Perspective

Social Media - A Mine of Claims Information

January 10, 2012| By John Butler | P/C General Industry, General Liability | English

When we think of investigative claims techniques, what usually springs to mind are grainy photo images taken during covert surveillance. In fact, claims experts today are more likely to start their investigation on the Internet, before reaching for the telephoto lens.

That’s because claims experts increasingly tap social media networking resources when researching claimants for information relating to their claims.

There are over 200 widely used social media sites, including Facebook, Twitter, MySpace, YouTube and LinkedIn. Facebook alone has more than 800 million active users worldwide, with more than 350 million people accessing it through a mobile device.

A great deal of personal information is posted to these social networking sites, and it can be used to provide further confirmation of the damages or injuries being claimed, assisting a claim professional to establish a proper reserve and move a claim towards resolution.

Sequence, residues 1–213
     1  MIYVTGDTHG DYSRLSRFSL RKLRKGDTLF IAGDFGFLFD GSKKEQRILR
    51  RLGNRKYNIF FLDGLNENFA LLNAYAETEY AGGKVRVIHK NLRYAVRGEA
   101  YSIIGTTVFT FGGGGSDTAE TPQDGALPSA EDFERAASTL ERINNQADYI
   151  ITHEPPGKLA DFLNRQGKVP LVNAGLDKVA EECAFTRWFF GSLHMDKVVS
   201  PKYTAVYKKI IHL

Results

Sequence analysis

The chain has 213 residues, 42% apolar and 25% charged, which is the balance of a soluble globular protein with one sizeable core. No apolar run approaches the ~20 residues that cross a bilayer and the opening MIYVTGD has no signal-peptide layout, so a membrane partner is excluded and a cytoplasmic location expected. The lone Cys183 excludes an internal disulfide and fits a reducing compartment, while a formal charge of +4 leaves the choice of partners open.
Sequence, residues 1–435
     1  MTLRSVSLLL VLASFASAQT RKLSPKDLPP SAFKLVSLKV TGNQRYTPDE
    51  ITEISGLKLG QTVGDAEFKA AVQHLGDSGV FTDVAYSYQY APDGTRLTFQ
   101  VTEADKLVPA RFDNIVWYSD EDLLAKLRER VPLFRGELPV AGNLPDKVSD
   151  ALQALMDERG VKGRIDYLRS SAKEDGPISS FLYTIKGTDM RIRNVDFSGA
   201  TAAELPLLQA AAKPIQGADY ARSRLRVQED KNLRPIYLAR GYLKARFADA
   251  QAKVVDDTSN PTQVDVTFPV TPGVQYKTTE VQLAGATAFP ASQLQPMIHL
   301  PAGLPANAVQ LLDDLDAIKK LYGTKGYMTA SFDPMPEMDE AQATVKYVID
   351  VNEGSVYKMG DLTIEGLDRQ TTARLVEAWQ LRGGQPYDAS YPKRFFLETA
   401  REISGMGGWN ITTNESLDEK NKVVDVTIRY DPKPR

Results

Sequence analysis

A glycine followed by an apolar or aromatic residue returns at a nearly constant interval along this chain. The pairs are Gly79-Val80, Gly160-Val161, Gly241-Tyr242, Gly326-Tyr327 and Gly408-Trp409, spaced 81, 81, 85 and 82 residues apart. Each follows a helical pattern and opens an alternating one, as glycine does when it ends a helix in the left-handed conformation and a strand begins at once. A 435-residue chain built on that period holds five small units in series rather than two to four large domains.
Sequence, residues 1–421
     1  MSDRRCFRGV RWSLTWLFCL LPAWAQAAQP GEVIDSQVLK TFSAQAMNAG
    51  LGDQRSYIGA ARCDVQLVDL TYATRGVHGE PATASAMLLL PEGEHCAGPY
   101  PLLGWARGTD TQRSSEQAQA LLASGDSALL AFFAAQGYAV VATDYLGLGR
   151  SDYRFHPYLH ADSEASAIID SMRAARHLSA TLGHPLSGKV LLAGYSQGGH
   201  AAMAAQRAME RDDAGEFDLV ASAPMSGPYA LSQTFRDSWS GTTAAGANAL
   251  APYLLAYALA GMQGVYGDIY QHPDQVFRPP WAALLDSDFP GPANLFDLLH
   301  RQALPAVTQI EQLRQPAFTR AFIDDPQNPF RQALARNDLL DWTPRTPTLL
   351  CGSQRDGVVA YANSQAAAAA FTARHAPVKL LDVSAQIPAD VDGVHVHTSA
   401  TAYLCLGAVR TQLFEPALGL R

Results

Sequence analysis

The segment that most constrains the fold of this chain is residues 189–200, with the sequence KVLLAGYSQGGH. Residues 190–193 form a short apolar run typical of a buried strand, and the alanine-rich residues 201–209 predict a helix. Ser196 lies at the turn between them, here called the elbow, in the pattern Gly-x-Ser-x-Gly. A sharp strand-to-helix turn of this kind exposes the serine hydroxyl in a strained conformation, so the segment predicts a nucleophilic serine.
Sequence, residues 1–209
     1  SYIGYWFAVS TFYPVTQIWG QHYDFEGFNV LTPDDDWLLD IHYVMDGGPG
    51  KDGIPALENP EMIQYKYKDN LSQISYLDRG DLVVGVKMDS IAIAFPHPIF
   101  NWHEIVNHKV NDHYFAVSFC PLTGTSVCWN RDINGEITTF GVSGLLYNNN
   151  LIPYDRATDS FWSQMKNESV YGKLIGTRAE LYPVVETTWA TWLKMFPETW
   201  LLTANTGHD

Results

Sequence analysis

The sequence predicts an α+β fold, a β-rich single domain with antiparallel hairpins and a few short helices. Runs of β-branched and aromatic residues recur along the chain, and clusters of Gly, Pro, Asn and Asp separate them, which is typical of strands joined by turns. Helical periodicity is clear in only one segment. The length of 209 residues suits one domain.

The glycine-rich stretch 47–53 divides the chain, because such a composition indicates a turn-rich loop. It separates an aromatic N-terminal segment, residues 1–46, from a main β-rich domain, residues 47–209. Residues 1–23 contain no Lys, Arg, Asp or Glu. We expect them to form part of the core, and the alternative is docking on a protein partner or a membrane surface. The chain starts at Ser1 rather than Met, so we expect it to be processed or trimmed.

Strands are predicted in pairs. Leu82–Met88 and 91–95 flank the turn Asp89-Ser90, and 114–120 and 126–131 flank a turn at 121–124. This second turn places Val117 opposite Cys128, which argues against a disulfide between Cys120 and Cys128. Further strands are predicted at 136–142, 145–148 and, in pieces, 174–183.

But comments or even pictures sourced from social media sites can sometimes be at odds with statements made by a claimant and such valuable information can help reveal a fraudulent claim.

In a recent California workers’ compensation case, the claimant’s Facebook page revealed his scheduled participation in a bowling tournament, complete with the date, time and place. Armed with this information, old-fashioned surveillance proved to be much more successful.

In another case, a social media search provided proof of a claimant’s side business that was not previously disclosed.

Of course, Internet sleuthing is no substitute for standard investigative methods. Claim professionals should always take measures to ensure that all their actions are legal and ethical. But it is clear that used properly, social media is an effective claims management tool and one that should be embraced.

Find out more about social media insurance claims in our Insurance Issues research publication.

 

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